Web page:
It is difficult to see if UEFA’s plans will improve the quality of the two Europas and make the concept of European football more attractive. Part of the problem is that the world has shrunk since the 1950s and 1960s when pan-European football started to grow. European football competitions have lost a lot of their exclusivity and you can see foreign stars in all the major domestic leagues. Trans-European football is no longer seen as a reward for some clubs, regardless of the financial inducements.


Soccer City: Frankfurt – aiming to be Fußballplatz

EINTRACHT FRANKFURT reached their first UEFA semi-final since 1980 when they overturned a two-goal deficit to beat Portugal’s Benfica on away goals in the last eight of the Europa League.

Eintracht may not be regular European contenders these days, but the club played its part in one of the most famous matches of all time, the 1960 European Cup final which they lost to Real Madrid by 7-3 at Hampden Park. Eintracht were German champions in 1959, their only title, and had the audacity to take the lead after 18 minutes. The likes of Di Stefano and Puskas made them pay for that and Die Adler(the Eagles) were on the end of a drubbing.

Frankfurt is not considered to be a hotbed of football in the Munich sense, the city is better known as the financial centre of Germany, Finanzplatz Frankfurt. It is the home of the European Central Bank and other major companies such as Deutsche Bank, Deutsche Bundesbank and Holzmann. Frankfurt is the biggest and most important financial hub in continental Europe and is hoping to capitalise on the United Kingdom’s exit from the European Union. The city on the River Main is often unfairly criticised for lacking character, but does include the most spectacular range of tall buildings, earning it the nickname of Mainhattan.

Aerial photo of Commerzbank Arena stadium 03.06.2015. Photo: PA

There are few more international or cosmopolitan cities in Germany than Frankfurt. It has a population of 750,000 and a big expatriate community, the majority of which are employed in the financial sector. Its airport is one of the busiest in Europe.

Frankfurt is also the home of the Deutscher Fußball-Bund (DFB), the game’s governing body. It was founded in 1900 in Leipzig but is now based close to the Commerbank Arena, the home of Eintracht Frankfurt and an impressive ground that was once known as the Wald Stadion. The stadium has been refurbished several times down the years and was one of the 2006 World Cup venues. It has a retractable roof and a capacity of 51,500. It’s just a short train journey from the airport and has its own station. Frankfurt was buzzing during the World Cup, with games also being shown on the river Main for crowds to enjoy. The city, indeed the whole of Germany, put on an excellent show for FIFA.

Eintracht Frankfurt were founded in 1899. Their most productive period was in the 1970s when they won the DFB Pokal twice and finished in the top four of the Bundesliga. Their team included players like Jürgen Grabowski, Juup Heynckes and Bernd Hölzenbein.

In 2018-19, Eintracht are enjoying something of a resurgence, which is not necessarily good news for Europa semi-final opponents Chelsea. They are currently fourth in the Bundesliga and their Europa League run builds on their 2017-18 DFB Pokal triumph over Bayern Munich in Berlin.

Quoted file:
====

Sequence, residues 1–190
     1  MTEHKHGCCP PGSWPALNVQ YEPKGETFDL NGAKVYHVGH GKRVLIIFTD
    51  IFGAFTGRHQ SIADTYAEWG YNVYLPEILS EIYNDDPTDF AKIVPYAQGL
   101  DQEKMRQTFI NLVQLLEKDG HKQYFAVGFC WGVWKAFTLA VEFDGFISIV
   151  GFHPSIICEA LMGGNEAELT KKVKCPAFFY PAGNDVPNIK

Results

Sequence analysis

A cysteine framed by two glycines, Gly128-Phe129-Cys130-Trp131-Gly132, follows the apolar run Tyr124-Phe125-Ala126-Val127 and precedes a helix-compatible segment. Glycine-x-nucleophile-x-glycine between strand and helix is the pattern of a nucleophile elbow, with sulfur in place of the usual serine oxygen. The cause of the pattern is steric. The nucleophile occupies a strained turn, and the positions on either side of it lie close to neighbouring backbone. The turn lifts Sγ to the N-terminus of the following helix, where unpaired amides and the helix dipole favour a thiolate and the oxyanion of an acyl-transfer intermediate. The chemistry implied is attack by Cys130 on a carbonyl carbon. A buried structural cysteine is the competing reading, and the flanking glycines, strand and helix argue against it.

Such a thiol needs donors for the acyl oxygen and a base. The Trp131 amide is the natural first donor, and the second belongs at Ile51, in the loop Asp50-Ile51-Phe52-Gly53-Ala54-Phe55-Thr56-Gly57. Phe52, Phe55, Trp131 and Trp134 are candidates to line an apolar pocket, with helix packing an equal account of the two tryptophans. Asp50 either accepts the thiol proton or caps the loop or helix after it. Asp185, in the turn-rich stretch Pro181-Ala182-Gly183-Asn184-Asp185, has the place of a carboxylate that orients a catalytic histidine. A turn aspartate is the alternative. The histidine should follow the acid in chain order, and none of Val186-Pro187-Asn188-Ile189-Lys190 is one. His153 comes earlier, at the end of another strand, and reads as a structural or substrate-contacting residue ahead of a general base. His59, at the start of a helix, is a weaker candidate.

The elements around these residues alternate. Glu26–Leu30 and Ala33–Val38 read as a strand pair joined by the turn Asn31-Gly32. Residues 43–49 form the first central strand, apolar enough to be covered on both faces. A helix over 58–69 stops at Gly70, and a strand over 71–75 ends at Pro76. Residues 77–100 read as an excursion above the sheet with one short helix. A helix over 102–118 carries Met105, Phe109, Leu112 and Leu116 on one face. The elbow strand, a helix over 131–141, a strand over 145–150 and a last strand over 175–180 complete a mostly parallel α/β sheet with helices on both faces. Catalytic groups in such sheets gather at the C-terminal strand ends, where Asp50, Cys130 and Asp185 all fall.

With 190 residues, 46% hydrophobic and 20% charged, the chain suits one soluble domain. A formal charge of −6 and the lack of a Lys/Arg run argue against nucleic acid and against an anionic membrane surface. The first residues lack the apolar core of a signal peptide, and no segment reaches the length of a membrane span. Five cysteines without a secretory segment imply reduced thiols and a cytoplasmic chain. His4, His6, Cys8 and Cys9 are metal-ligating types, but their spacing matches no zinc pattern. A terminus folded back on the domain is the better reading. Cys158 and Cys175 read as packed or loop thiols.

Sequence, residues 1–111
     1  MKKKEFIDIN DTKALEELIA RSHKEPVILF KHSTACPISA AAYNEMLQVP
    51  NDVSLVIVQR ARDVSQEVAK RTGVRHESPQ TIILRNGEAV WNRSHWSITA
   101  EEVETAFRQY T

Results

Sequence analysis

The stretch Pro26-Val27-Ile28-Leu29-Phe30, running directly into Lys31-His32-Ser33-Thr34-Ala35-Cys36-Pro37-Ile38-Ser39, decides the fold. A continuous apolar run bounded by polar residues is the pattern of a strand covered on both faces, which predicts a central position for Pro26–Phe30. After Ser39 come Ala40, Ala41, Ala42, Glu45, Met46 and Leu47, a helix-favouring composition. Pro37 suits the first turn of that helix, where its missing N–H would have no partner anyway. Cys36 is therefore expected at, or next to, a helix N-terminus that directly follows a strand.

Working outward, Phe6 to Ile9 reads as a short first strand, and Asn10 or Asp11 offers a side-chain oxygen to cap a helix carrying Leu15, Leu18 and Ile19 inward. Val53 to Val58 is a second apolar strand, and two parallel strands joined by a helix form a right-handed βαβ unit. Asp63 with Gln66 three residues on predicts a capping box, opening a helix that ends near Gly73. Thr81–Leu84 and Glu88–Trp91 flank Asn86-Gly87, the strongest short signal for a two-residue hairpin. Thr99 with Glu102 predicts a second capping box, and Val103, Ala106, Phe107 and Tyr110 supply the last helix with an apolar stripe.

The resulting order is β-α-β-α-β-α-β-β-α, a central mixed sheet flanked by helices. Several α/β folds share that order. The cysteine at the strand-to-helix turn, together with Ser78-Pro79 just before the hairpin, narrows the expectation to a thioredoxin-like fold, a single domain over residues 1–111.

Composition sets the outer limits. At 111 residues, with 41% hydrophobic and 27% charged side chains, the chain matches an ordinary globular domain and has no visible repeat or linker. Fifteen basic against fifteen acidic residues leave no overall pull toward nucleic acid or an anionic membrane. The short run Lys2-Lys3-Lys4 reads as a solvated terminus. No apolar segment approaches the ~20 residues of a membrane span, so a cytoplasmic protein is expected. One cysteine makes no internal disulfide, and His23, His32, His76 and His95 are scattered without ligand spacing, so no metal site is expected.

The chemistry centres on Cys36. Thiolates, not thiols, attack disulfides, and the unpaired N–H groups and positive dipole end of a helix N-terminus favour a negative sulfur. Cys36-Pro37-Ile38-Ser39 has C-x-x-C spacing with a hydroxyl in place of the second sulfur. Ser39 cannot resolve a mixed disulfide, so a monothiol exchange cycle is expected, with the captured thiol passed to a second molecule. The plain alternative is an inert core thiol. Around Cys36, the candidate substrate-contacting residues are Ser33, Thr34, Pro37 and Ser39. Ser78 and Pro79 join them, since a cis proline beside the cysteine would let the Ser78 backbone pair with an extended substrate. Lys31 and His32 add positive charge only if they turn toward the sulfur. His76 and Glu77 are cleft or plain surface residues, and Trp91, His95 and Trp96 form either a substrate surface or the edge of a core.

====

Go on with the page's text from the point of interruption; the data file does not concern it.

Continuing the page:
Their attacking style has made them popular with neutrals. The club has a good relationship with its fans, engaging with them over a broad range of issues. Curiously, after beating Benfica in the Europa quarter-final, their fans, who had created a fantastic atmosphere, pushed over a barrier in their eagerness to celebrate with their players, but they did not invade the pitch.

Photo: PA

The close season saw a mass influx of new players, including Eintracht’s former goalkeeper Kevin Trapp, Paris Saint-Germain’s goalkeeper, who returned on loan with a view to a permanent move. Trapp was one of the heroes in the Europa tie with Benfica, pulling-off a late save and turning the ball against a post.

At the other end, Eintracht have been boosted by the goals of Luka Jović, a 20 year-old Serbian striker who originally joined the club on loan from Benfica. Eintracht have been so pleased with their young goal poacher that they triggered the EUR 7 million loan-to-buy clause.

Jović became the youngest player to score five goals in a Bundesliga game when Eintracht beat Fortuna Duesseldorf 7-1 this season. As well as Jović’s 17 goals, France under-21 international Sébastien Haller has netted 14 times in the Bundesliga.

In the Europa League, Eintracht have been in excellent form, winning all six of their group games against Lazio, Apollon Limassol and Marseille. In the round of 32, they beat Shakhtar Donetsk and then overcome Inter Milan (a notable away win) before disposing of Benfica.

Adi Hütter took over as coach in May 2018 after Niko Kovač joined Bayern Munich. Hütter, an Austrian, was previously coach at Young Boys Bern and before that, Red Bull Salzburg. Eintracht made a poor start under their new manager, losing three of their first five games in the league. They have lost just once in the Bundesliga in 2019 and their most recent run of five consecutive victories ended on April 14 with a home defeat against Augsburg. Eintracht’s average gate in 2018-19 is 48,475 making them the seventh best supported club in the Bundesliga.

Photo: PA

Crowds at Frankfurt’s other clubs are not so impressive. FSV Frankfurt, a club that was runner-up in the German championship in 1925, play in front of around 1,300 people at the 12,000 capacity Frankfurter Volksbank Station in the Bornheim district of the city. FSV play in the Regionalliga Sued West and in 2018-19 are below mid-table. As recently as 2016, FSV were in 2.Bundesliga when they were relegated to 3.Liga and they suffered a second consecutive demotion in 2016-17.